News & Events
April 14, 2015
Auditory injuries are the number one war wound

Hearing loss, tinnitus and other auditory injuries are common war wounds among U.S. military veterans. Auditory injuries are so prevalent that the veterans have named it the number one war wound

People with a history of military service have an increased risk of hearing loss. In the United States, 1.5 million military veterans suffer from hearing impairment caused by their time in the services.

Hearing loss is usually associated with age. However, according to Hearing Health Foundation in the U.S., about 60% of younger war veterans who served in Afghanistan and Iraq returned home with hearing loss and/or tinnitus. Although auditory injuries have been called the number one war wound by veterans, the injuries are frequently overlooked.

Regular hearing screenings during service can help diagnose and provide valuable information about hearing loss in the military.

Military life is noisy
A life in the military is noisy. Being a part of the military involves loud noise from electrical generators in the camps, trucks, helicopters, blasts and combat. All of which are factors that can damage the hearing of the soldiers.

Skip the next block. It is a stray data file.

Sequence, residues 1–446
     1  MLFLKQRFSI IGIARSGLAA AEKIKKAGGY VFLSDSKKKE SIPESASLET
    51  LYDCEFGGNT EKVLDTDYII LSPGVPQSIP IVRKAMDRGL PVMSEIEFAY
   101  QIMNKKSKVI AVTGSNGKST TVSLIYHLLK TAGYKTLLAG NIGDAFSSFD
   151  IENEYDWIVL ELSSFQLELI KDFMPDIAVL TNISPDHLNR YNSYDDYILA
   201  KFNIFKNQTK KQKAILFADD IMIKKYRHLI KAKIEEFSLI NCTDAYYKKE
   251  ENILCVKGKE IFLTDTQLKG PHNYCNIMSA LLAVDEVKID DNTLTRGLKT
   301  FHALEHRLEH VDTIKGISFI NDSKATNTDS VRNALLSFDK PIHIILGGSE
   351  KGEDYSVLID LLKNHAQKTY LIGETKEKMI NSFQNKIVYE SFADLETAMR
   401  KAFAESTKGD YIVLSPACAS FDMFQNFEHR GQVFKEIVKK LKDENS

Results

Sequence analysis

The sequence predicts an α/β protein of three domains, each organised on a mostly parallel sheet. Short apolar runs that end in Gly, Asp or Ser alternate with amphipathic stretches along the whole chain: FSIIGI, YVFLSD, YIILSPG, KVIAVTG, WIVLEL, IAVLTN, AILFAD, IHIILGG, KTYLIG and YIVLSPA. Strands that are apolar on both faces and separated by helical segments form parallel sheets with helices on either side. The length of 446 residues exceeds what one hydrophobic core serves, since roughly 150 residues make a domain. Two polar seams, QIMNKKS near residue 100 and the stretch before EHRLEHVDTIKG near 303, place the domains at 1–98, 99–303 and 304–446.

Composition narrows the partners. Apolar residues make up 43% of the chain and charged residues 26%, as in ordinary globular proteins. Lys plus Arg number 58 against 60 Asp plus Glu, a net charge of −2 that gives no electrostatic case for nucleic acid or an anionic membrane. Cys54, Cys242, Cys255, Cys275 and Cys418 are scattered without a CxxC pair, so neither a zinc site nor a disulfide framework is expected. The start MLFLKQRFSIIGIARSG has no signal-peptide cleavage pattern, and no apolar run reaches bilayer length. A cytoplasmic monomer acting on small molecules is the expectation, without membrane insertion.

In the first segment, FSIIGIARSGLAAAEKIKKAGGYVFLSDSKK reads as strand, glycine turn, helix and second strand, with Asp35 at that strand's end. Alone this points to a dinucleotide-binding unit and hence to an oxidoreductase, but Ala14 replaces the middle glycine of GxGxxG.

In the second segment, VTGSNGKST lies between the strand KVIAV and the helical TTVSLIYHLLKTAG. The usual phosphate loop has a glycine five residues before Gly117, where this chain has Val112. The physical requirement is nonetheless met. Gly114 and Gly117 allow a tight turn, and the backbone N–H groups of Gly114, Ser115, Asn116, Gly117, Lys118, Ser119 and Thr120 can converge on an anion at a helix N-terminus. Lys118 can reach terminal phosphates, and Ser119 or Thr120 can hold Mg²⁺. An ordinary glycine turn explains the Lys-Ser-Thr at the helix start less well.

Especially blast exposures can cause sudden dramatic changes in hearing. Unfortunately, auditory injuries from explosions may be overlooked because the blast results in other potentially life-threatening injuries. In these cases, damaged hearing is seen as a low priority concern, even if it can have a negative effect on the veteran later in life.

Better hearing screening
Regular hearing screening among military personnel can diagnose and possibly prevent hearing damage among soldiers.

Hearing Center of Excellence in the U.S. recommends that soldiers undergo an audiogram at the start of their service followed up by repeated annual screenings. An exit audiogram at the end of their service will provide valuable information about the effect of the service.

It is important to remember that all veterans, even those who operated far from the front line, are at risk of auditory injury.